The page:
Some photos and book reviews: Libation and In Late Winter We ate Pears

First grapes

Long time no see, I took a little break there but here I am again. I want to remind you (and myself) that July month’s Paper Chef is on, there is time until Tuesday midnight so you can still get creative.

But what I really want to blog about today are two books I have received for review and that I feel quite enthusiastic about: Libation, A Bitter Alchemy by Deidree Heekin which is about wine, Italy, tastes and smells and memories, and In Late Winter We Ate pears A Year of Hunger and Love-seasonal recipes and stories from an Italian kitchen by Deidre Heekin and Caleb Barber which is about flavours, memories and how to recreate them. You can see and hear the authors talking about their books and their restaurant, Osteria Pane e Salute, here and here. To be honest I am always a bit reluctant when it comes to books about living in Italy as they often give the reader a romanticized picture of Italy that I don’t recognize but I was pleasantly surprised by both books. Let’s start with the one I read first, Libation. Now I am not at all interested in wine, I like drinking a good wine but that is about it, I always avoid articles about wine in food magazines and stop listening when people start talking about it so I suspected that I was not the right kind of reader for this book but how wrong I was – I am exactly the right kind of reader! Deidre Heekin managed to catch my interest straight away, her passionate interest in wine and spirits and her view of them as transmitters of memories, flavours and culture made me see the whole subject from a new perspective. The structure of the book is a little bewildering at first as it mingles memories, recipes and the story of her own wine making project but I soon got used to it. I just wish that more people could write about wine in that way so that I could go on learning about it.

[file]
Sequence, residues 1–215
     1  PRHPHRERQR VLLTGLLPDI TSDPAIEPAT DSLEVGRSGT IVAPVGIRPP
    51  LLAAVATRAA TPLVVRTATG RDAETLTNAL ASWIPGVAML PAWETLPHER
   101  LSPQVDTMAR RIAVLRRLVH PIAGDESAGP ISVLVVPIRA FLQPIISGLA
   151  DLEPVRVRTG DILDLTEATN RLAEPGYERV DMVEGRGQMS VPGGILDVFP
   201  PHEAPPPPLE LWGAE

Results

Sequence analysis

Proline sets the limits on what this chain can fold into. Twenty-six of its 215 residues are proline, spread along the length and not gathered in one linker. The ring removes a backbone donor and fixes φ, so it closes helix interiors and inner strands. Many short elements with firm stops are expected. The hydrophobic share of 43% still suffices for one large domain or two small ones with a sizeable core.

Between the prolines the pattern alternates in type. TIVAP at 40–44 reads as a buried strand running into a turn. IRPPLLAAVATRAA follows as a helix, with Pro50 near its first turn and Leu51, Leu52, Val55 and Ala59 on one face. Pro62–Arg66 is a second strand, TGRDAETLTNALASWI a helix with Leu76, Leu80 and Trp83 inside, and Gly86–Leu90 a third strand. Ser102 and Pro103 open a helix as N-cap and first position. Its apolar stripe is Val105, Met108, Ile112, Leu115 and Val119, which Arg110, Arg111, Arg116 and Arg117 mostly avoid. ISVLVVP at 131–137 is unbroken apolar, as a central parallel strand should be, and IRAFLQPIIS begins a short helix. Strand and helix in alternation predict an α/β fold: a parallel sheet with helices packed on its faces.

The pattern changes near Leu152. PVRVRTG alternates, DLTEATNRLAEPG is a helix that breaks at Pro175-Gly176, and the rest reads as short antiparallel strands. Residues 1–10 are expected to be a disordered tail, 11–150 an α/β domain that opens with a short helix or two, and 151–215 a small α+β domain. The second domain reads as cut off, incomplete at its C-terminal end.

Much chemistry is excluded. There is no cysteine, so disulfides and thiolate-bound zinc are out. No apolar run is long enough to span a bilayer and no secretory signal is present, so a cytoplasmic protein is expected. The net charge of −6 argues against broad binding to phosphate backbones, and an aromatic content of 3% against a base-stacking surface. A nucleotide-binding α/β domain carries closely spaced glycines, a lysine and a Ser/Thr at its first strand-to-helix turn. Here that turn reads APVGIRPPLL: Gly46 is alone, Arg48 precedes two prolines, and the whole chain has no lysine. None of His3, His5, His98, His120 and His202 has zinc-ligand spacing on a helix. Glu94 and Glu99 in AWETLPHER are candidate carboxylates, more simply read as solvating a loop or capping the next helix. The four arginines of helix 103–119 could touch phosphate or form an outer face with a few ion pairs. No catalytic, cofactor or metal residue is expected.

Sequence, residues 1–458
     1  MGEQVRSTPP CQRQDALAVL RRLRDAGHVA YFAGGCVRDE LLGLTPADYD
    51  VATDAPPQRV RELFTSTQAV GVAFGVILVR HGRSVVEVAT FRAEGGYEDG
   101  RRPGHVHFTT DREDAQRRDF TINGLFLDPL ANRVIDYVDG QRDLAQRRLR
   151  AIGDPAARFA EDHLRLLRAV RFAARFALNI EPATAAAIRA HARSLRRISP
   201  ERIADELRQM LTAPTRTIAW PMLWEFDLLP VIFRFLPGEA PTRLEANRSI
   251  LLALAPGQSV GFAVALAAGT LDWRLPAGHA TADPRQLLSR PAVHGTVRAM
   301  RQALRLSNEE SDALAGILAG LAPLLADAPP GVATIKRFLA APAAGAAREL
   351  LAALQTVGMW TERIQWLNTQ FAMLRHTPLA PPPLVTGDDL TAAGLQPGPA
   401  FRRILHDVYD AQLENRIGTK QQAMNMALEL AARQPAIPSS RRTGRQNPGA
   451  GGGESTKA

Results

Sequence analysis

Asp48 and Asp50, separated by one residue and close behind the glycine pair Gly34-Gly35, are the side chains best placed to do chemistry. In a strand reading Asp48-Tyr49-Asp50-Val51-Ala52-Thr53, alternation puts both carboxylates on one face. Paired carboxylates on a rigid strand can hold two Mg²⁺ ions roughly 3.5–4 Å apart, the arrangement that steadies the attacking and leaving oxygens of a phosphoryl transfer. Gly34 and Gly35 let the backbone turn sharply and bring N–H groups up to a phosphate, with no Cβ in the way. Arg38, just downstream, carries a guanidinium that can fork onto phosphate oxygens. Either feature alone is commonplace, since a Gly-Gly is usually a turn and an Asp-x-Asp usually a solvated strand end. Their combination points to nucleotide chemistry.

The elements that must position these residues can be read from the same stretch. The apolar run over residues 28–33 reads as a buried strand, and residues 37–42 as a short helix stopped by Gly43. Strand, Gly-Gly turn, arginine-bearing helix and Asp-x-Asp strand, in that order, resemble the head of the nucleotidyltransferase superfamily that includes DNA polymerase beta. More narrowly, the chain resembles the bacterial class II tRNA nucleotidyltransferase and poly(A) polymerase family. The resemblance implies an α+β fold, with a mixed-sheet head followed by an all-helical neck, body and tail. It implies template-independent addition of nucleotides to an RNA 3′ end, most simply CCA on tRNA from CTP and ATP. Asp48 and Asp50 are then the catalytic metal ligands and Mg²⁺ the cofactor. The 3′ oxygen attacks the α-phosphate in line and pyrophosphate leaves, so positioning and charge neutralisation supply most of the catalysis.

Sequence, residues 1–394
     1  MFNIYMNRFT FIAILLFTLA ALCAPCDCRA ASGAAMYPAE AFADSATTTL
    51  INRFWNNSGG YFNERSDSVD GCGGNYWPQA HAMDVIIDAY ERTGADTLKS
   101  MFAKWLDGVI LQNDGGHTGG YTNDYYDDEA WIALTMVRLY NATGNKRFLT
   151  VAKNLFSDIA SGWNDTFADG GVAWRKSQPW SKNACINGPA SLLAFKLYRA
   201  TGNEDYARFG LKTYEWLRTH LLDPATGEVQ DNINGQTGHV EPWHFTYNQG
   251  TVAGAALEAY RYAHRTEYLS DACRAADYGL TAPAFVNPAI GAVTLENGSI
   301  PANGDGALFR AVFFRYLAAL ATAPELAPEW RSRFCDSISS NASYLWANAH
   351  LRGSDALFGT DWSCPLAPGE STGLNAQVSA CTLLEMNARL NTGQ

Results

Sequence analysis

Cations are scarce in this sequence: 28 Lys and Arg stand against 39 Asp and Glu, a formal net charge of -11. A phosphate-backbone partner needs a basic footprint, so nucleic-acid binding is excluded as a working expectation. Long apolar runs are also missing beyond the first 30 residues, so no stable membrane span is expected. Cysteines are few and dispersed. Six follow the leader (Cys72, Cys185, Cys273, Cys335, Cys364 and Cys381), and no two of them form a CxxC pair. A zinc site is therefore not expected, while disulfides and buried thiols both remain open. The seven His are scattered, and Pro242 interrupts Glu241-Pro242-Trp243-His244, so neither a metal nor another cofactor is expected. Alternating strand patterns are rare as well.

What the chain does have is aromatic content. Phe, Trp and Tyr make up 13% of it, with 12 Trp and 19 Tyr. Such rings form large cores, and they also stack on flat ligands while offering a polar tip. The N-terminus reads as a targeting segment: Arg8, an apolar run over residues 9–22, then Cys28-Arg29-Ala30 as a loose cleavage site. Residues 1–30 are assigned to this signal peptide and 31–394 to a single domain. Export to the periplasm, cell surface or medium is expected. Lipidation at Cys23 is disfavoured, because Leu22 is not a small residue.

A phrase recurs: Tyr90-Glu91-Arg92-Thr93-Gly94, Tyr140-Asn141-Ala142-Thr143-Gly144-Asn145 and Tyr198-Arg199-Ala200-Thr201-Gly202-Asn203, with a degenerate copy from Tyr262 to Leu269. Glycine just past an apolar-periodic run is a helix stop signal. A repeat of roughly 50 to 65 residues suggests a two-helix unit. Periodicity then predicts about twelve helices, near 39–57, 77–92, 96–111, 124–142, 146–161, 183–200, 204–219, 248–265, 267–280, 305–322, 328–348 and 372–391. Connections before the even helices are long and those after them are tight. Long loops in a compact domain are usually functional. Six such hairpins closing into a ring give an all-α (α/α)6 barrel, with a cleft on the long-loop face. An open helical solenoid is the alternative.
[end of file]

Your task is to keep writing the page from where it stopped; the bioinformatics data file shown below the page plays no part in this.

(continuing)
The second book, In Late Winter We ate Pears, is, as I mentioned before, also dealing with memories, this time of food and a year spent in Italy, a year that struck a cord in both of them and as I see it must have changed the rest of their lives. The book is divided into four sections, each covering a season, with short essays or reminiscences about food and life in Italy and Vermont written by Deidree Heekin. These are followed by seasonal recipes written and created or adapted by Caleb Barber, the recipes are predominantly from the northern half of Italy which I like as Italian food too often is associated with the cooking from the more southern parts, nothing wrong with that but I think it is important to show how varied Italian food actually is. It is a good selection of recipes with the nice relaxed attitude to the process and with the attention to the ingredients that permeates Italian cooking, many of the recipes I obviously know already but I have earmarked several to try very soon!
To conclude I can only say that if you are like me a ignoramus when it comes to wine or a wine lover and/or if you are interested in true Italian cooking and good writing you should read these books. I did and I truly enjoyed it!


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